Funding a new wave of nuclear projects would be throwing good money after bad. Instead of Hinkley being the start of a “new wave” of British nuclear stations, it should mark the end of a long and sorry saga.. The 10 long years of negotiations between the government, EDF and more recently Chinese backers, have been bruising for the government – and the public purse. There is no doubt that Hinkley – with its £18bn build cost and eye-watering strike price – is an expensive deal. Necessary perhaps, given the diplomatic and strategic situation we find ourselves in now, but expensive nonetheless. But the sunk cost of Hinkley should not now be used as justification to throw good money after bad and fund a new fleet of nuclear power stations in the UK. The government needs to remember that, as pointed out by economists and energy experts the world over, energy systems are undergoing a revolution, powered by the plummeting cost of renewable energy and rapid advances in technologies such as battery storage. So while the cost of nuclear power has steadily increased over the past 10 years, renewable power has become cheaper, more powerful and more sophisticated. A project that (just about) made economic sense back in 2012 no longer does now, and it is looking increasingly likely that future nuclear plants will fail on the same grounds. That is precisely why Hinkley should not mark the “first of a wave of new nuclear power plants” as Greg Clark said today in Parliament, but the full stop at the end of a very long and sorry saga.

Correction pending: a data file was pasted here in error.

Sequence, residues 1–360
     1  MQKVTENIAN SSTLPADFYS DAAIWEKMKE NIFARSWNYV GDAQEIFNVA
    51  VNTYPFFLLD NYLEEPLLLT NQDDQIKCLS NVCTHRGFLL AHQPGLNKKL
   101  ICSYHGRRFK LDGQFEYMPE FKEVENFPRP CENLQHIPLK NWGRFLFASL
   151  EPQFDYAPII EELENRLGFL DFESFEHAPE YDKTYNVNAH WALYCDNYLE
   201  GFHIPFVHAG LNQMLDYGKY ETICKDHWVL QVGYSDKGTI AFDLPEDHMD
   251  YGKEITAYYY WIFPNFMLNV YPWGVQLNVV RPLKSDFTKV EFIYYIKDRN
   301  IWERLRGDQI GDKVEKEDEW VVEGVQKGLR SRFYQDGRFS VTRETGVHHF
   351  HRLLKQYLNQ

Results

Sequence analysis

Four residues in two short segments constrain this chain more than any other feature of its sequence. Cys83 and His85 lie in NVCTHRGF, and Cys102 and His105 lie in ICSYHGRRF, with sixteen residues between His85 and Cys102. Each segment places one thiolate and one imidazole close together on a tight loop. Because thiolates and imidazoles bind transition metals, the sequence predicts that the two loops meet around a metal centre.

Business Green 15th Sept 2016 read more »